American Indian Elder Heckled by Trump “Make America Great Again” Supporters

Wearing “Make America Great Again” caps, several teens taunted American Indian elder Nathan Small (Omaha).

Published January 19, 2019

WASHINGTON —  Wearing “Make America Great Again” caps, supporters of Donald Trump heckled an American Indian elder during the Indigenous Peoples March at the Lincoln Memorial just after the Indigenous Peoples March on Friday.

The elder, Nathan Small (Omaha), was taunted as he drummed and sang the American Indian Movement anthem. Small says he heard hecklers yell at him “build the wall.”

The following video was originally posted on YouTube by K.C. Noland:


On Saturday afternoon, Indigenous Peoples March organizers released the following statement:

Yesterday, following the first annual Indigenous People’s March in Washington D.C., YouTube user KC NOLAND released a video showing a large group of youths wearing “Make America Great Again” (MAGA) hats and other Trump paraphernalia taunting a Native American elder playing a ceremonial drum and singing a song.

According to reports, the youth group of youth was in attendance for the March for Life, a pro-life action occuring at the same time as the Indigenous People’s March. According to organizers of the Indigenous Peoples March present for the exchange, Phillips was aggressively surrounded by more than 30 counter-protestors.

“What we saw yesterday, the display surrounding Mr. Phillips, is emblematic of the state of our discourse in Trump’s America,” said Darren Thompson, an organizer for the Indigenous Peoples Movement. “It clearly demonstrates the validity of our concerns about the marginalization and disrespect of Indigenous peoples, and  it shows that traditional knowledge is being ignored by those who should listen most closely.”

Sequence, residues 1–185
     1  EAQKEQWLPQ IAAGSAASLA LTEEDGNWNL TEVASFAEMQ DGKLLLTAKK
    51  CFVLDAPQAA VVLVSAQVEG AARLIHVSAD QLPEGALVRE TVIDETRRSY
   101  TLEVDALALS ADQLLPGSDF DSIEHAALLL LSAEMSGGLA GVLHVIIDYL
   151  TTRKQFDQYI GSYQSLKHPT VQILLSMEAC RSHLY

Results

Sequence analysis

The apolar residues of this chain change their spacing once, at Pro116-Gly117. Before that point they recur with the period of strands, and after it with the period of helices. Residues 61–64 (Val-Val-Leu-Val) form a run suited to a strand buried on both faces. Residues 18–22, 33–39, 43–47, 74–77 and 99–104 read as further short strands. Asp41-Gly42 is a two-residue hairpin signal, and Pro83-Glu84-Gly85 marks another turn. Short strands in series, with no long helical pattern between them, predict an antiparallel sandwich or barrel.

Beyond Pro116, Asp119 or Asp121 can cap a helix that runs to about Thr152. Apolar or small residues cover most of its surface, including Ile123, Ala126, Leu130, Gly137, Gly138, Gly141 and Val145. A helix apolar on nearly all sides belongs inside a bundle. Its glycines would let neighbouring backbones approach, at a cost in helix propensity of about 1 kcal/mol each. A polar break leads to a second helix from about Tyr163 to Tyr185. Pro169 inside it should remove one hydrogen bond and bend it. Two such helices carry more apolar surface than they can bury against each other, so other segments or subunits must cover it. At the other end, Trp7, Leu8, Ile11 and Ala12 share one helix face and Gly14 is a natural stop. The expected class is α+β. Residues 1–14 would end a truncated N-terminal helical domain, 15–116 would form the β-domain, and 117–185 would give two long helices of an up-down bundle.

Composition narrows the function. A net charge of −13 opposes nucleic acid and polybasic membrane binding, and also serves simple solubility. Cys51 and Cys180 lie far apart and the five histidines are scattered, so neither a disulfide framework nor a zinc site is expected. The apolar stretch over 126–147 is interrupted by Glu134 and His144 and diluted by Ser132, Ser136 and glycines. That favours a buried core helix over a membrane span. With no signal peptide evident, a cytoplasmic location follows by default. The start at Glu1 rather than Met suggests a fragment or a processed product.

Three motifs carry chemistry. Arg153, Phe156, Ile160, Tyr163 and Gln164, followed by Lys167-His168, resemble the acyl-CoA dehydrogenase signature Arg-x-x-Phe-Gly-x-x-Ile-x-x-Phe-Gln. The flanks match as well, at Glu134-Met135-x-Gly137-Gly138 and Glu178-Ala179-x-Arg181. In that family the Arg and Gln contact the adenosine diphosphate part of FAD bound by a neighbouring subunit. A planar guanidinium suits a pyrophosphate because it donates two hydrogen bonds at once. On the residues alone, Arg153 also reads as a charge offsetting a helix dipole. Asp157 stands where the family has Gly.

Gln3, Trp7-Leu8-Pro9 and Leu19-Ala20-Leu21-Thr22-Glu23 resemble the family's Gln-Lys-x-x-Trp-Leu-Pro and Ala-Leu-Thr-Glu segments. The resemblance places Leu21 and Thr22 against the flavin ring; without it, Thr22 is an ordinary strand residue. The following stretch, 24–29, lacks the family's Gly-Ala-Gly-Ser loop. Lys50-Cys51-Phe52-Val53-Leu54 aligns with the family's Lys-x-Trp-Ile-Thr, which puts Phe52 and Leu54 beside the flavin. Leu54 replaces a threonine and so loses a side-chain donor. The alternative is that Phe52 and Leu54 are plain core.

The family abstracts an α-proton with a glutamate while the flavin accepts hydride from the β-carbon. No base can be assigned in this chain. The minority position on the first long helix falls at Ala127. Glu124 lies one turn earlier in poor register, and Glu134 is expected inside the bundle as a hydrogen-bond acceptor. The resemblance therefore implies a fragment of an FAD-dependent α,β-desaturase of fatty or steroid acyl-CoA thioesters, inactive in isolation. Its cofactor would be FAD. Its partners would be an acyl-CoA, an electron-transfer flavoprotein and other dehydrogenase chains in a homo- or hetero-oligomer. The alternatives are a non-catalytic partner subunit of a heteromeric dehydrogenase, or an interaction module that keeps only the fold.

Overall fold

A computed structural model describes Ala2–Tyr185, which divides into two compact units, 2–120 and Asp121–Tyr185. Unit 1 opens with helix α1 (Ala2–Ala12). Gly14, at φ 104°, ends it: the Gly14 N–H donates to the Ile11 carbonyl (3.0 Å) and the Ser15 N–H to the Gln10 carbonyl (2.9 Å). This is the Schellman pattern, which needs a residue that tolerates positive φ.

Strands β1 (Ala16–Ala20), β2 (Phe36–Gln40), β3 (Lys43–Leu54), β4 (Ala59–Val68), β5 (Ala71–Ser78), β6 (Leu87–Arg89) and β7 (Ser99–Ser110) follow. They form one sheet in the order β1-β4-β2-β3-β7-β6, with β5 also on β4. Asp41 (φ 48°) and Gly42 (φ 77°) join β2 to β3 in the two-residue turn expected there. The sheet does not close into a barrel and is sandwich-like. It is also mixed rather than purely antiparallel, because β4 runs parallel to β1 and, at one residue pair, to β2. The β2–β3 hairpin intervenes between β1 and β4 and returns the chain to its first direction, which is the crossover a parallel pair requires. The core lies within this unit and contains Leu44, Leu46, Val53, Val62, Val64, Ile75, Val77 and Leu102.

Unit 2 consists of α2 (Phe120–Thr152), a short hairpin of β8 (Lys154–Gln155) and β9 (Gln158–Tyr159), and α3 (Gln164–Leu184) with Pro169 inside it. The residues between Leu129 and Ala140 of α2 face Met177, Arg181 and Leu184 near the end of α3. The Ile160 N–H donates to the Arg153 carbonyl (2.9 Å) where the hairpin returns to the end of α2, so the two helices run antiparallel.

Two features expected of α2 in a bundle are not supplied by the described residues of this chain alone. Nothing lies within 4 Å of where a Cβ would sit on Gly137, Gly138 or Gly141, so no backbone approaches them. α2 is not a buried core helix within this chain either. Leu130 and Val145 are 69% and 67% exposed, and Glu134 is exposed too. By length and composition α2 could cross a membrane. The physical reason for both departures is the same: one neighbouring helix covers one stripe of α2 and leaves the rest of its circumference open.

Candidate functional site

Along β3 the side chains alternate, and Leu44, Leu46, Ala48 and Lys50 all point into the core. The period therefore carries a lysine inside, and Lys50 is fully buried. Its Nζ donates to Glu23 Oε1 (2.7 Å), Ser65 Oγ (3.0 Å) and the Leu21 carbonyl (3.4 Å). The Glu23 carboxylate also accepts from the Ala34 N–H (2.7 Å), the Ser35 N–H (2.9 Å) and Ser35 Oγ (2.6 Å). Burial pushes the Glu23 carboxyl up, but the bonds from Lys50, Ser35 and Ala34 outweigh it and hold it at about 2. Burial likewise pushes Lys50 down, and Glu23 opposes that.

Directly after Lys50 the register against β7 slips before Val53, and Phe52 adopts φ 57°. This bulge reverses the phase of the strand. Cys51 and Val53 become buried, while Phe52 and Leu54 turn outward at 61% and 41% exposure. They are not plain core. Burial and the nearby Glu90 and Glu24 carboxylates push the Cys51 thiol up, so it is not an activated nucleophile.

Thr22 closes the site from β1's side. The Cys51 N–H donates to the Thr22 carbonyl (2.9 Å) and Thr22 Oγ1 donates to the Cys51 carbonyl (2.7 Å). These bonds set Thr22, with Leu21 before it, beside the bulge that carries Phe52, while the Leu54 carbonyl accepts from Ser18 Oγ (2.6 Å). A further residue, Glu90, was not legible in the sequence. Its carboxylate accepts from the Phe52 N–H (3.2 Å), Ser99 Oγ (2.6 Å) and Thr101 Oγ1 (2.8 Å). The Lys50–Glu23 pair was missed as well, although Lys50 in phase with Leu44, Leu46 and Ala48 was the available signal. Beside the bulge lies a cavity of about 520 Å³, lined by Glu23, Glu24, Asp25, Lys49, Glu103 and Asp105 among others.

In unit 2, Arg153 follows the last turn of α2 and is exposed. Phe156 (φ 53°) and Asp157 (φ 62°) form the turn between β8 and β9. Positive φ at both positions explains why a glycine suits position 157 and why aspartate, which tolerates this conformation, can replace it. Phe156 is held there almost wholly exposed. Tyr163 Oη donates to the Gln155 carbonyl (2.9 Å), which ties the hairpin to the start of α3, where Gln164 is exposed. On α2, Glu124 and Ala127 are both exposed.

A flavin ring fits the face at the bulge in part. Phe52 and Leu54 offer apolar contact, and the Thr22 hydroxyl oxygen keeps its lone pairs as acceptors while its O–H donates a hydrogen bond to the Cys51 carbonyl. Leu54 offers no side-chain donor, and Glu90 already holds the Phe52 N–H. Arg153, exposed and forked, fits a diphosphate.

Nathan Small is a Vietnam veteran, who has supported Native American veterans for many years.

The drummer has been identified as Nathan Phillips, an Omaha elder, Vietnam Veteran, and former director of the Native Youth Alliance. Phillips also holds an annual ceremony honoring Native American veterans in the Arlington National Cemetery. The group of youth was from an all-boys prep school in Kentucky called Covington Catholic.

Chase Iron Eyes, another spokesperson for the Indigenous People’s March, knows Mr. Phillips personally and was present for the exchange. “Conservative people are fearful now—with the election to congress of our first two Native American women, Deb Haaland and Sharice Davids, and so many other powerful women. Trump has riled up a reactionary voting block that reminds us that we are a nation founded on patriarchy, genocide and racism. Trump is clearly giving these archaic instincts license, encouraging the kind of aggressive goading that I witnessed. But yesterday the world saw,  whether it was live media or social media, the fight ahead of us can be won—if we are united.”

Organizers pointed out the poignancy that the incident occurred on the steps of the Lincoln Memorial, where the Rev. Martin Luther King delivered his “I Have a  Dream” speech nearly 55 years ago.

“One thing we know as indigenous people is our connection to the creator, and it’s creations,” said Nathalie Farfan, another organizer for the Indigenous Peoples March. “The good news is, that connection to the sacred may have resonated with some of the Catholic youths. What is not being shown on the video is that the same youth and a few others became emotional because of the power, resilience and love we inherently carry in our DNA. Our day on those steps ended with a round dance, while we chanted, ‘We are still here.’”

The Indigenous Peoples March was organized by the Indigenous Peoples Movement, a grassroots coalition determined to eliminate injustice for Indigenous peoples worldwide. The march and rally warranted the attention of 10,000 people in Washington, D.C. and inspired more than 10 solidarity marches globally.

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